Will tax reform be good for your portfolio?

Russell Price, Senior Economist, Ameriprise Financial

Key Points

  • Sweeping changes to the tax code should provide a boost for the U.S. economy
  • Lower corporate tax rates should increase after-tax profits for most companies
  • The new law offers potential upside for investors as well

During the final days of 2017, sweeping new tax legislation was passed by Congress and signed into law by President Trump. The Tax Cuts and Jobs Act contains material changes to the tax code for both individuals and businesses.

In our view, the legislation is likely to influence economic activity via two primary avenues:

  1. Greater consumer spending as a result of higher after-tax income
  2. Increased business spending due to a more competitive U.S. corporate tax code and expanded business investment incentives 
Based on our evaluation of potential economic and financial market influences, we believe the legislation could offer a measurable near-term boost for the economy and potentially your investments.   
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The tax bill’s potential economic impact

The federal government’s non-partisan Joint Committee on Taxation (JCT) estimates the new law should leave approximately $136 billion more in the hands of consumers and corporations in the 2018 fiscal year (which ends September 30), and $280 billion more in the 2019 fiscal year. Much of this money will likely be spent, thus stimulating economic activity. 

Prior to the legislation’s passage, we forecasted the U.S. economy to expand at a 2.4% rate in 2018 (after subtracting inflation) versus last year’s pace of 2.3%. Given the new, lower tax rates most consumers and corporations will pay (with no anticipated offsetting cuts in government spending), we now estimate the U.S. economy to grow by approximately 3.1% in 2018 and 3.0% in 2019. If achieved, 2018 could see the fastest rate of growth for the U.S. economy since 2007. Some economists suggest that the impact could be even greater due to a technical influence related to international trade.

The potential risk to the economy

We note, however, that stronger economic growth at a time when labor markets are already tight (the unemployment rate at the end of 2017 was just 4.1%) may add incrementally to inflation pressures. A further acceleration of inflation could entice Federal Reserve officials to hike their ultra-short interest rate targets at a faster pace than is otherwise expected, thus offsetting some of the tax law’s economic benefits. 

How the new tax laws may benefit investors

It is possible that investors could be big winners under the new code. The corporate tax rate has been cut from 35% to 21% – an adjustment that should boost after-tax profits for most companies. Companies comprising the Standard & Poor’s 500 Index were already expected to see earnings per share (EPS) growth of approximately 10% in 2018, according to consensus estimates published by the financial research firm FactSet. Analysts have been adjusting their earnings estimates higher to reflect the new, lower tax rate, and they could rise even further.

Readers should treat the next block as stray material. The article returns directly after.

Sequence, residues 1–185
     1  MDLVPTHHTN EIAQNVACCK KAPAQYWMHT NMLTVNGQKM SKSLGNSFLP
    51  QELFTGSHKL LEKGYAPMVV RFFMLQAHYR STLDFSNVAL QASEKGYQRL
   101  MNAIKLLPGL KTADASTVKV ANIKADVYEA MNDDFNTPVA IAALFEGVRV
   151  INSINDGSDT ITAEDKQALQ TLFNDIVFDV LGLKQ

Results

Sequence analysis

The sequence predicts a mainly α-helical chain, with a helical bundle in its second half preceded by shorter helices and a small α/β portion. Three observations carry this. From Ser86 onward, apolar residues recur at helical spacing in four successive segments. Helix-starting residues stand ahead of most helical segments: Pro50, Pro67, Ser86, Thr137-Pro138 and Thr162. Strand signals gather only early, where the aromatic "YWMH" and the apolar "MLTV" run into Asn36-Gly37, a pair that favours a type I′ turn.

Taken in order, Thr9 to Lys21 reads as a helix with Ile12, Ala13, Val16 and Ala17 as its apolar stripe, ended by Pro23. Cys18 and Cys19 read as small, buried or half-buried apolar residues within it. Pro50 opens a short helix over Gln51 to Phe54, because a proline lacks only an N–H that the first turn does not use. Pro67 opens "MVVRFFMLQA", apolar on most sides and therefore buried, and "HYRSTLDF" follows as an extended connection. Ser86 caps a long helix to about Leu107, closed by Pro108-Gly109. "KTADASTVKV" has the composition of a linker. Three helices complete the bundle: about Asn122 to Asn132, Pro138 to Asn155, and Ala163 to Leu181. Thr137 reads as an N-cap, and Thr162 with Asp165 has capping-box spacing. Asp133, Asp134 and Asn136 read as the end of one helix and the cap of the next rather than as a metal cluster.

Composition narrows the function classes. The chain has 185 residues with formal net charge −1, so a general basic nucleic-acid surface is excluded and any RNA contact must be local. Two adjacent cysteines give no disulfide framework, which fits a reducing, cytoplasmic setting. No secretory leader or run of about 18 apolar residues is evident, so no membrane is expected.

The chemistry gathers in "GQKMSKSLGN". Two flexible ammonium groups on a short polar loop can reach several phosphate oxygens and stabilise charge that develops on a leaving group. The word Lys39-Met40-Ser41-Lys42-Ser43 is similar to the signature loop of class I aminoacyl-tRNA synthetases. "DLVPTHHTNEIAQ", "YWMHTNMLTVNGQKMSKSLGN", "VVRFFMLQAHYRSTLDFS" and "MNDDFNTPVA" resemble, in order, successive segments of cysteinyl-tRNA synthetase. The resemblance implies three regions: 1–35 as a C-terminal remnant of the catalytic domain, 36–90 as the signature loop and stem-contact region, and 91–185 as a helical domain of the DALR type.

Investors could also benefit from a material increase in corporate share repurchases or higher dividend payments as companies return money held overseas back to the U.S., a process often referred to as “repatriation.”

The legislation implements a one-time tax on all previously untaxed foreign profits. The economic research firm Capital Economics estimates U.S. corporations recently held approximately $2.5 trillion in untaxed foreign capital. After the one-time tax, the U.S. will join most other industrialized nations in only taxing corporations on their domestic profits.

The new foreign profits tax provision could put back into circulation a significant amount of capital that’s been on the sidelines.

Many companies have already announced plans to use this cash to:

  • Increase shareholder dividend payouts
  • Invest in future growth
  • Invest in their domestic operations
  • Increase employee pay
  • Pay down debt
  • Repurchase shares

Near-term growth may come with a long-term cost

The Congressional Budget Office estimates the tax legislation will cost the federal government approximately $1.8 trillion in revenue over the next 10 years. Although stronger economic activity should generate incremental taxes to offset some of this cost, there’s little debate that future government debt levels are likely to be higher.

Federal officials will eventually need to address budget shortfalls via higher taxes or lower spending to avoid serious debt-related consequences. 

How you can prepare

Although we believe the tax code changes should favor economic activity and equity markets over the near-term, there are a considerable number of adjustments that could materially alter your tax situation.

Check with your financial advisor to help ensure you are well prepared for potential economic and market influences, and consult with your tax advisor to consider how your tax liability may be affected in 2018 and beyond.  

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